Mimicry and Deception

Invertebrates are pretty amazing.  There, I said it.  From the incredible transformations of the butterfly and moths, to the masterful web making skills of the orb web spiders.  They all engage me one way or another, whether its watching a mantis hunt its prey or simply watching a line of ants take food back to the nest.  But the one thing that blows my mind more then anything is their mimicry and camouflage.  From looking like flowers and leaves to even looking like other insects.  The amount of specific evolution that had taken place to get it to this incredible point.  It is without doubt, amazing.

Many insects have done this for protection, whether it is to look like a plant and camouflage or even looking like a poisonous insect so they don’t fall prey.  Some have even used it to either attract unknowing prey or to be able to sneak up unseen.

The following photos are of insects and spiders that I have found – found in a museum counts as being found – that display amazing forms of mimicry.  Some photos are not that great however because this is a topic which really excites me, ill more than likely be adding more in the future.

 

12341530_1210807075601678_4047351495937028133_n.jpg

This is the Spiny Leaf insect.  This is a live specimen from the Queensland museum.  Being in an enclosure with many other stick insects they are quiet easy to spot, however just by looking at its very leaf like appearance it is easy to see how the can disappear from pretty quickly.1382324_725911920757865_1695502213_n.jpg

I have taken many photos of this species of mantis over the years.  It has been quite easy for me to spot these now, however, like the spiny leaf insect, with its mottled bark-like appearance its quite to easy to walk right by.8695_655091224506602_1204254947_n.jpg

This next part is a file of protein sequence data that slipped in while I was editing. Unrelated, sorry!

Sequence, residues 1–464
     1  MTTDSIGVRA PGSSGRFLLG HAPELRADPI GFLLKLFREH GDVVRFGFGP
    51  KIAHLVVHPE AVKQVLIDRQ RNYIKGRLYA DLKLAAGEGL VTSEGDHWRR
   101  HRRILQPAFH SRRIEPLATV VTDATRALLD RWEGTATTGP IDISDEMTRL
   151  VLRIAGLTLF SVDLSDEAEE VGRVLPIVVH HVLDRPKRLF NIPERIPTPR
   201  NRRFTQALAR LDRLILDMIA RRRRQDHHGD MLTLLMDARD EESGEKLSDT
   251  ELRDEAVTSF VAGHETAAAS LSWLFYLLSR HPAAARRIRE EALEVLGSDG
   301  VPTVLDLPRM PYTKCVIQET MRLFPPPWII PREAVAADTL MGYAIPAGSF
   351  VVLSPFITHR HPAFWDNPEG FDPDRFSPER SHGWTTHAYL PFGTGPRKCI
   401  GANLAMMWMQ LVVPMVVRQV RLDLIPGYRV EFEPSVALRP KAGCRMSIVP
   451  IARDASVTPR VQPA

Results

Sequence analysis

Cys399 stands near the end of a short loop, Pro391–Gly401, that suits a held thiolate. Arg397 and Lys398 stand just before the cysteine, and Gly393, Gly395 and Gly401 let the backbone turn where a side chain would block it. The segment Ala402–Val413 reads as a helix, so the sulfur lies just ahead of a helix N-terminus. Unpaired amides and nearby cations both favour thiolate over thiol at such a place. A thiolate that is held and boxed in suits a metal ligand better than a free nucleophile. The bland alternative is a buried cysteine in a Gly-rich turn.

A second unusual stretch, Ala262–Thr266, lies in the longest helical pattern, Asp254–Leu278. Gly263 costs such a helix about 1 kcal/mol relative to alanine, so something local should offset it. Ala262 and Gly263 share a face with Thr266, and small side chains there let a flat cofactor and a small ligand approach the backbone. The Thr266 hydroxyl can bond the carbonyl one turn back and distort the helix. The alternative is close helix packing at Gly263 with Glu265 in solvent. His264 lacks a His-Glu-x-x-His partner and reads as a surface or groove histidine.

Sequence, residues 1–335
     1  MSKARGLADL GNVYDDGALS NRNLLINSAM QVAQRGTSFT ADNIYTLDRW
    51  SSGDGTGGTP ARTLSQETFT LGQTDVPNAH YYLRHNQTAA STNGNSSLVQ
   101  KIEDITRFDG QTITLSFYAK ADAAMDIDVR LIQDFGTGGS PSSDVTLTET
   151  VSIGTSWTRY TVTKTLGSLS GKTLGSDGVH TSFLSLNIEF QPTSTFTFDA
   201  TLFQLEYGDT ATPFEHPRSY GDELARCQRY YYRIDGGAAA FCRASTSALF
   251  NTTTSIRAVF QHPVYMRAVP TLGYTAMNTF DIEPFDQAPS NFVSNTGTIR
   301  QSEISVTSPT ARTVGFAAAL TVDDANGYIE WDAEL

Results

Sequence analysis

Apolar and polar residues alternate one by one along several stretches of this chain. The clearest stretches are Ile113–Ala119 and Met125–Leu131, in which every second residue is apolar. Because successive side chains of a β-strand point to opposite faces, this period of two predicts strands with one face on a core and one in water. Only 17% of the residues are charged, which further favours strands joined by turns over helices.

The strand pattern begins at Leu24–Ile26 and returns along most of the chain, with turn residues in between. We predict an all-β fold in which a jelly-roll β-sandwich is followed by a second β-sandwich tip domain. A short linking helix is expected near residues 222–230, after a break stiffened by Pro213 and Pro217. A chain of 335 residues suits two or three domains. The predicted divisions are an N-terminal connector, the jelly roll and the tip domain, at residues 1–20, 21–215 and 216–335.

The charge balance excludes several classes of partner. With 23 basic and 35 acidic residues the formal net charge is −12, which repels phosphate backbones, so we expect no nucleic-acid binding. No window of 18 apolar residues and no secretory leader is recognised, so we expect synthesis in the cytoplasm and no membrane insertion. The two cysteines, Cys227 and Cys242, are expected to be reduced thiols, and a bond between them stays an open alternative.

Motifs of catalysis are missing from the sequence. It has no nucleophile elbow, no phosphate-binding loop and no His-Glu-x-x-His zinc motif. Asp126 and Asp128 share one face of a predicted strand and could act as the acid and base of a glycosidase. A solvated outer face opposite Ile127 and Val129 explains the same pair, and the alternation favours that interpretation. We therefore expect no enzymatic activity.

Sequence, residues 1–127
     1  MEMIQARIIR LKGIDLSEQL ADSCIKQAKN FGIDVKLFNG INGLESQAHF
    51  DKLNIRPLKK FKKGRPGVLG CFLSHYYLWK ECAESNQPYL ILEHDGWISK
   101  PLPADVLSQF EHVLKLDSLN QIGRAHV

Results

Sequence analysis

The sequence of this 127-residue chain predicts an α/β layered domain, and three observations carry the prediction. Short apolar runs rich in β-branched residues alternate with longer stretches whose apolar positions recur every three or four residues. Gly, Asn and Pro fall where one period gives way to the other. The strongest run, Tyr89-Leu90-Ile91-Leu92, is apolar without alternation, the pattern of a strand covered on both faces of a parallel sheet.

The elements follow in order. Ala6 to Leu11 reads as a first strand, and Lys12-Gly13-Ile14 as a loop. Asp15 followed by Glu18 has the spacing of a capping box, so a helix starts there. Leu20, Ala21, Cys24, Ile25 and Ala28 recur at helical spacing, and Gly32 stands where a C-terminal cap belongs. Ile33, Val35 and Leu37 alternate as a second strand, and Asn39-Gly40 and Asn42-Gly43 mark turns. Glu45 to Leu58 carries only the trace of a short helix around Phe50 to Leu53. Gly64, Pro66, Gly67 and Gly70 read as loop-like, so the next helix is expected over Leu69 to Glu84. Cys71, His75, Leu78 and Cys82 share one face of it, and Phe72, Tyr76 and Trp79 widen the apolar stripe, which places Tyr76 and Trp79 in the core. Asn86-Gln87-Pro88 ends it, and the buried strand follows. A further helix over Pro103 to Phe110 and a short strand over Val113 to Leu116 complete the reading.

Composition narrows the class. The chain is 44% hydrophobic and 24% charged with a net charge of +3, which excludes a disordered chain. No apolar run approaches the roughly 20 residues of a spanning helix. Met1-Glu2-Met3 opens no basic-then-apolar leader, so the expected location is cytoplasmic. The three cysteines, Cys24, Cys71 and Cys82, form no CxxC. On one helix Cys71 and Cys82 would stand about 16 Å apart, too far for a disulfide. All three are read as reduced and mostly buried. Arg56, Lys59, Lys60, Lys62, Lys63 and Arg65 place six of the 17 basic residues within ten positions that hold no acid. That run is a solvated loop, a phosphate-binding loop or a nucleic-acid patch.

One more insect that has evolved to completely disappear into its surrounds.  Looking like a dead leaf, the only time I ever see these amazing butterflies is when they quickly fly away off the ground when I walk to close.  As far as I am concerned, prob the most beautiful butterfly around.

13087318_1304094529606265_5389309005074678861_n13077102_1300464199969298_5039832768599333738_n

We have now got to animals that have evolved and adapted to look like other animals, in this and the next case, its spiders.  The above spider has mimicked the appearance of the local rattle ants that live in the same trees. They even move like the ants.  It even technically walks on 6 legs just like ants however its 2 front legs have adapted to actually look like antenna. However the only way I knew this wasn’t an ant the first time I saw it was that jumped out of the way when I got to close just like a jumping spider.  It was so amazing to watch, the replication is really out of this world.13133249_1306836742665377_4618755072505093020_n.jpg

This last spider, has also mimicked a different species of ant, and as I found out, moved just like an ant across the plant, making it extremely difficult to photograph.  Just like the previous photos, this spider has also adapted it legs, the six legs are all a reddish colour whilst the front two have remained black to, again, look like antenna.  I need to look into these species more.  Are they looking like ants for their own protection or are they using it as some form of prey attraction.

The amount of times I have seen ants just running and have never looked pastthe physical appearance makes me wonder how many mimics in nature have i just overlooked.  To completely not see a stick insect can be explained, but to be looking at an insect and not even know you are looking at another species of animal, that says a lot for the success of deception that the world of invertebrates has achieved.

 

Leave a Reply

Fill in your details below or click an icon to log in:

WordPress.com Logo

You are commenting using your WordPress.com account. Log Out /  Change )

Twitter picture

You are commenting using your Twitter account. Log Out /  Change )

Facebook photo

You are commenting using your Facebook account. Log Out /  Change )

Connecting to %s